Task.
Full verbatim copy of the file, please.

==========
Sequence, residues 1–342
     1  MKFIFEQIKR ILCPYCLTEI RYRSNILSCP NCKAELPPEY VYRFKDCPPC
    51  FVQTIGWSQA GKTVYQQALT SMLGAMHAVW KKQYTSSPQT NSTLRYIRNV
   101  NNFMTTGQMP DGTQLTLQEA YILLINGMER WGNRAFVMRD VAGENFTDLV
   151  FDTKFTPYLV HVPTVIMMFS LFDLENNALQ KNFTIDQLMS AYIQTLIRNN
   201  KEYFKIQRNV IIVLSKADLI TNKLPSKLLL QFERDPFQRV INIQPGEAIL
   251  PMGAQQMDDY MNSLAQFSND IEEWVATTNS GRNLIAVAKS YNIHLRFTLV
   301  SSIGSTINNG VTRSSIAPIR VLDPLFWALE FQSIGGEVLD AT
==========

Sequence, residues 1–342
     1  MKFIFEQIKR ILCPYCLTEI RYRSNILSCP NCKAELPPEY VYRFKDCPPC
    51  FVQTIGWSQA GKTVYQQALT SMLGAMHAVW KKQYTSSPQT NSTLRYIRNV
   101  NNFMTTGQMP DGTQLTLQEA YILLINGMER WGNRAFVMRD VAGENFTDLV
   151  FDTKFTPYLV HVPTVIMMFS LFDLENNALQ KNFTIDQLMS AYIQTLIRNN
   201  KEYFKIQRNV IIVLSKADLI TNKLPSKLLL QFERDPFQRV INIQPGEAIL
   251  PMGAQQMDDY MNSLAQFSND IEEWVATTNS GRNLIAVAKS YNIHLRFTLV
   301  SSIGSTINNG VTRSSIAPIR VLDPLFWALE FQSIGGEVLD AT